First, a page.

Other, pp.1-62, 2015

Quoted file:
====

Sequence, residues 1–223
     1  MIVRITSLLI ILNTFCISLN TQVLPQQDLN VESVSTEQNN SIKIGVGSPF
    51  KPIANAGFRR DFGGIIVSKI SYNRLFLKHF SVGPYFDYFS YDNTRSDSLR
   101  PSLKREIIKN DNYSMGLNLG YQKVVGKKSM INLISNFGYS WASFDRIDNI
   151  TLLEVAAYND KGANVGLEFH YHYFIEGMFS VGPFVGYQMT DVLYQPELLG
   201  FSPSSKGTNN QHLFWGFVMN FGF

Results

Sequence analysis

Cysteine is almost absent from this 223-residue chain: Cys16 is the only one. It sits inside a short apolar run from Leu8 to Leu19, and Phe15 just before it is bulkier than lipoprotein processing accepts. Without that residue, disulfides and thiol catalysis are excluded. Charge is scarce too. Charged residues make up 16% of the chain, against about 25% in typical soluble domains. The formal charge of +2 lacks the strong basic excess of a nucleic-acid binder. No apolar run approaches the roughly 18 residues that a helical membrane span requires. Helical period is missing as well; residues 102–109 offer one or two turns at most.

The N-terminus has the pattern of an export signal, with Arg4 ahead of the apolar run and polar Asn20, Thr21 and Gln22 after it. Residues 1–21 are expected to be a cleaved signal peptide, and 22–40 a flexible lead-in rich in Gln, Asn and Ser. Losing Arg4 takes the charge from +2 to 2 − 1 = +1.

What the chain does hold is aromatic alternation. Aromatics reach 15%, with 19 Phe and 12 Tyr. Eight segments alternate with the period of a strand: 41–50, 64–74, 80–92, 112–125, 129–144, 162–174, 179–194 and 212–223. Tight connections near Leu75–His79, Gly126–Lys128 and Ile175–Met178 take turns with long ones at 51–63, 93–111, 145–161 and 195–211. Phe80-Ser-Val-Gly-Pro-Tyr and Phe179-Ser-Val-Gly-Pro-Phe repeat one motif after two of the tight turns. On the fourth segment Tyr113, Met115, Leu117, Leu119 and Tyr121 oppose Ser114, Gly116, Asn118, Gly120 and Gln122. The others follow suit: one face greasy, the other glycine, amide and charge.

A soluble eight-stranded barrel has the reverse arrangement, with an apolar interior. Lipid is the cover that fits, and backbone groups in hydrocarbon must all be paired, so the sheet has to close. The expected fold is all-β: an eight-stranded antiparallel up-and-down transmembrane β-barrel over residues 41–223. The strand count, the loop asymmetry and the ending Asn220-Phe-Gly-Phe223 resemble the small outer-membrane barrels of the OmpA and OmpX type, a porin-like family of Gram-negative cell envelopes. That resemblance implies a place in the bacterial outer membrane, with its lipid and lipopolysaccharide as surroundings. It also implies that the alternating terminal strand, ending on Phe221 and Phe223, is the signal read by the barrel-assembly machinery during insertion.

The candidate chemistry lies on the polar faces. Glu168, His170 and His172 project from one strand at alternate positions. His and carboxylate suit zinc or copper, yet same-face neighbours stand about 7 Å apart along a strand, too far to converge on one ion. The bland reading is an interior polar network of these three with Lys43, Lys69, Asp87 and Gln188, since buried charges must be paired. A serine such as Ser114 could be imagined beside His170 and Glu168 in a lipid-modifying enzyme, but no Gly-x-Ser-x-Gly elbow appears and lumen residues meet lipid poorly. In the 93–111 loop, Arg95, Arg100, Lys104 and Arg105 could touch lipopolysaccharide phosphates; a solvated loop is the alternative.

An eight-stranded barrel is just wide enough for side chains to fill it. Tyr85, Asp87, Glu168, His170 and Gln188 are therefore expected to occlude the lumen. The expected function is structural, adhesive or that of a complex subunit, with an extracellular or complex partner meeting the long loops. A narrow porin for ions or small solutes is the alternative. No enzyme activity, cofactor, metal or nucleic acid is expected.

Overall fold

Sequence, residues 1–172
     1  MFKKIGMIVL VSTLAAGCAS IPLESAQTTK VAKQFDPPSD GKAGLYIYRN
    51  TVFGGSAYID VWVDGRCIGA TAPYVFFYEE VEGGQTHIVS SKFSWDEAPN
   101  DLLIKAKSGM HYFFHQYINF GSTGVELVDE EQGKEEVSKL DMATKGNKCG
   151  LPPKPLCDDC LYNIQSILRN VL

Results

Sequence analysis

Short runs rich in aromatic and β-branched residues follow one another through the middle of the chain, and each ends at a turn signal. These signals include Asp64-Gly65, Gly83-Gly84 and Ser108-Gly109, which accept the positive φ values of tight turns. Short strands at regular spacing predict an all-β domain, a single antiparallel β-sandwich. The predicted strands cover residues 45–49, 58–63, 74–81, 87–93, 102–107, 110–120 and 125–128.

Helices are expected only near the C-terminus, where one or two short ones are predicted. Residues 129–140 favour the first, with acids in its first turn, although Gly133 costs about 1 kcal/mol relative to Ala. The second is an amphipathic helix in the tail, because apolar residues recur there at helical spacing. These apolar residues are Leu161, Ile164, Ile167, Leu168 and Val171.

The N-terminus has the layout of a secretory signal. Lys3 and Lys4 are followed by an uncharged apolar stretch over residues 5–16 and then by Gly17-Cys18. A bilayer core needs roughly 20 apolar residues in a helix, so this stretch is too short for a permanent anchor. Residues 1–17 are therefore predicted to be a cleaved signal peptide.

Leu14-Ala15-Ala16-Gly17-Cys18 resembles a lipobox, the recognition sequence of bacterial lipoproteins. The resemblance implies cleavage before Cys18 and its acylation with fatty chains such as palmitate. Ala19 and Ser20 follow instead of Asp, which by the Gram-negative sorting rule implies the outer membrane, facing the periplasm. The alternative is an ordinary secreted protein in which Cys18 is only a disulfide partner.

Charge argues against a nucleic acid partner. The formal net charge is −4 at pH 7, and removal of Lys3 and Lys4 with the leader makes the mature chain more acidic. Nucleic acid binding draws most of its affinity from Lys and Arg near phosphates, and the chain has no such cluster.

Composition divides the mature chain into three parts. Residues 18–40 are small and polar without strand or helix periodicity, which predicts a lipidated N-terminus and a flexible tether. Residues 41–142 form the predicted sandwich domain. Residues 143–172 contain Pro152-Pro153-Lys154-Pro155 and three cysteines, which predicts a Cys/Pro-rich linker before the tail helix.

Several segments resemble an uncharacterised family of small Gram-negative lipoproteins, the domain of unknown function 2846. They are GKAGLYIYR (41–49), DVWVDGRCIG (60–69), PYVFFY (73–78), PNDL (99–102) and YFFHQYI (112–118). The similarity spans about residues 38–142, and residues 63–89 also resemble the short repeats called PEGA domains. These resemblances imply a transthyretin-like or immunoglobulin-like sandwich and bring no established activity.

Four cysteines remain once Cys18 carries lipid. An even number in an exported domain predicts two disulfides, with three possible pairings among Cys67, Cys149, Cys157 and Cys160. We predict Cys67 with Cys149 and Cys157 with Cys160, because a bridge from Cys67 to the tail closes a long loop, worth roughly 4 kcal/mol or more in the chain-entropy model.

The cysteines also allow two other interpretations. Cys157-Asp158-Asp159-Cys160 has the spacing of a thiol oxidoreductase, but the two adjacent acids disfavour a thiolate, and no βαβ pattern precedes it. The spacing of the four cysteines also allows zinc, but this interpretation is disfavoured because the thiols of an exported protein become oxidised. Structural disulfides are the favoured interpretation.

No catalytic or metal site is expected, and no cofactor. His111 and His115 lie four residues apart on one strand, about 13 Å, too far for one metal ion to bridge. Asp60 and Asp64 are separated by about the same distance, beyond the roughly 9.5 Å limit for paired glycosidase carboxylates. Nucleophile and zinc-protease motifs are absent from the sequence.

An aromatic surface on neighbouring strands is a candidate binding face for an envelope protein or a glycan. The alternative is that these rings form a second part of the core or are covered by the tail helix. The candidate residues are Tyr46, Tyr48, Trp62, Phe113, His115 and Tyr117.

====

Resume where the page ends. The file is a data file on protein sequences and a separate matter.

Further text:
Italy and Spain throughout history have hosted in their territories different political, social, economic and cultural realities. This aspect determined the course of their territorial organization at the time when their democratic states were created. Thus, both in Spain and in Italy, at the end of their periods of dictatorship, and as a result of consensus and agreement among different groups, a compound regional State was chosen. In both countries, this decision represents an intermediate position between a separatist federalist tendency and a centralist one. Likewise, neither constitutions clearly defined the existence of a regional state. However, the joint interpretation of the principles of unity and autonomy contained in both texts and the later judicial pronouncements of the Constitutional Court, lead to the development of a clearer interpretation of these models of territorial organization. The Italian Regional State has developed much more slowly than the Spanish State of Autonomous Communities. This has happened because the evolution of the Spanish Regional State has been closely linked to the demands of Catalan and Basque nationalism while the evolution of the Italian Regional State has been more closely linked to satisfying, especially the economic interests of the northern regions. Thus, even though the administrative and political organizations of the Spanish State are very similar to those of the Italian State, the Spanish State has achieved a greater degree of decentralization.